Kitman (Arabic kitmān كتمان "secrecy, concealment") is the act of paying lip service to authority while holding personal opposition. It is a sort of political camouflage, for the purpose of survival, in circumstances where open opposition would result in persecution.
Czesław Miłosz in the The Captive Mind uses Ketman (a variation on Kitman) as a metaphor for understanding how intellectuals behaved under the totalitarian regimes in Postwar Communist Poland, Czechoslovakia, Romania, and Hungary.
Some early Muslim jurists such as Muadh bin Jabal were opposed to the concept altogether as they felt it implied “lying” (kidhb) and “hypocrisy” (nifaq). In modern times, it is understood that both Kitman and Taqiyya are both forms of altering or concealing information.
In the Ibadi denomination of Islam, the concept is considered an important one as the denomination's minority status and secretive nature drove many adherents to conceal their creed in order to survive.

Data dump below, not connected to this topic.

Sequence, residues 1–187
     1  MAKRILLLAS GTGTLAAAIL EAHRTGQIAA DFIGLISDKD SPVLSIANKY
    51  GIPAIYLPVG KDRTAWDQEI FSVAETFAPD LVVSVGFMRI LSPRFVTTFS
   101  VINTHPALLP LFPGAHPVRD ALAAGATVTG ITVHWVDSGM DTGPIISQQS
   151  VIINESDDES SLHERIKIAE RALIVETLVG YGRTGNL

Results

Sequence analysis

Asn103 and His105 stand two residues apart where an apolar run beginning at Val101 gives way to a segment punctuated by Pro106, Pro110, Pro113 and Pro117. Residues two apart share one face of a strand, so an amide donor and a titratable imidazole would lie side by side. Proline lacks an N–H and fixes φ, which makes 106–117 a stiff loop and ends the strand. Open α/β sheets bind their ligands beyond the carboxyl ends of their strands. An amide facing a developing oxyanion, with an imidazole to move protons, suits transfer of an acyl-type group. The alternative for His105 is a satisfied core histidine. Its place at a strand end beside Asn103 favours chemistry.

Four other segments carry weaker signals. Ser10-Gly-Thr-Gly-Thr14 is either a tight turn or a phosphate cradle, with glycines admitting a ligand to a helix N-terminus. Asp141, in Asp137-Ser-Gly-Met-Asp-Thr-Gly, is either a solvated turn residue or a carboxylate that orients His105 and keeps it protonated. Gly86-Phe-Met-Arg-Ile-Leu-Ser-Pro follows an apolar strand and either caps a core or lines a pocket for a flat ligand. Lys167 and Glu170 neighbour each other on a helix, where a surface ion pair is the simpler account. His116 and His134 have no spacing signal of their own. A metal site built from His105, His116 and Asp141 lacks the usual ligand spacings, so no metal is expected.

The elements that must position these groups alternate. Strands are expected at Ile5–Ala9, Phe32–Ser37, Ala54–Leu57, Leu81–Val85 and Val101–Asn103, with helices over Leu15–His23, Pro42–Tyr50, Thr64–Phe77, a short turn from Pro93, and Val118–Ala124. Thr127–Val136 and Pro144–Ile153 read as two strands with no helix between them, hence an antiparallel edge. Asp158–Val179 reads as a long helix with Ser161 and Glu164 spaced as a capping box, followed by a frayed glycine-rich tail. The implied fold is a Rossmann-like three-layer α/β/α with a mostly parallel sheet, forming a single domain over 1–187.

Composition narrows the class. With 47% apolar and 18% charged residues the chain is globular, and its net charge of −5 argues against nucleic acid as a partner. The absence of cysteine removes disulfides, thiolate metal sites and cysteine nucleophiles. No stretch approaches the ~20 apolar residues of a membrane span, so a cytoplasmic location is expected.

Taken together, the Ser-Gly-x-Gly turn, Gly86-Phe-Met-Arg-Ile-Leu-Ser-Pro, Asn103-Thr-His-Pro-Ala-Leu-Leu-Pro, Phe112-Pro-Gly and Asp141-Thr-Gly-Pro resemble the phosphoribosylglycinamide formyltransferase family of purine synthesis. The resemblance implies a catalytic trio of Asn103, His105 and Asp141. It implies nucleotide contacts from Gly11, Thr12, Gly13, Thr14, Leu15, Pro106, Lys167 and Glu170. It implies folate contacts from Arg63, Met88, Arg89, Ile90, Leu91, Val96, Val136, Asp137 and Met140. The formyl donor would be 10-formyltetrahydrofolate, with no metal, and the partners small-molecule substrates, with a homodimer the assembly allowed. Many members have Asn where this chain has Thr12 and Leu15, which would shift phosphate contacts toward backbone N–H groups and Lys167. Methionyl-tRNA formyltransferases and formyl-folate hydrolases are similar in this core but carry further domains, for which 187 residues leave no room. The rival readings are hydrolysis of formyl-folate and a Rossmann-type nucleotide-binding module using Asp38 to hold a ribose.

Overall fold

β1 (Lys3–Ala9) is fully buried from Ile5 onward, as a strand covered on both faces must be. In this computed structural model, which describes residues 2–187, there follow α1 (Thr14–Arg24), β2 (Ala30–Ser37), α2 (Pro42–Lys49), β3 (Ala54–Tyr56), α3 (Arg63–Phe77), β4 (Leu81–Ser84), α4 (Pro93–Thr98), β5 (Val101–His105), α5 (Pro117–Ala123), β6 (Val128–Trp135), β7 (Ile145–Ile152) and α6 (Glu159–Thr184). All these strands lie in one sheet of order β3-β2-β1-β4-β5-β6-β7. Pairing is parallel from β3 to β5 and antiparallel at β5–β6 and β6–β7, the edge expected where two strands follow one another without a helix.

The term originates in Persia, and was studied in Gobineau's book Religions and Philosophies of Central Asia. Czesław Miłosz in his book The Captive Mind makes parallels between Kitman and the act of public hypocrisy (that is, publicly professing orthodoxy, while privately believing heterodoxy with the hope of one day being in a position of authority to spread one's hidden ideas) in the name of individual conscience under the Communist régimes of post-war Europe.
- Sadra – a famous example of someone who used Kitman to his advantage
- Czesław Miłosz
- Doctrine of mental reservation
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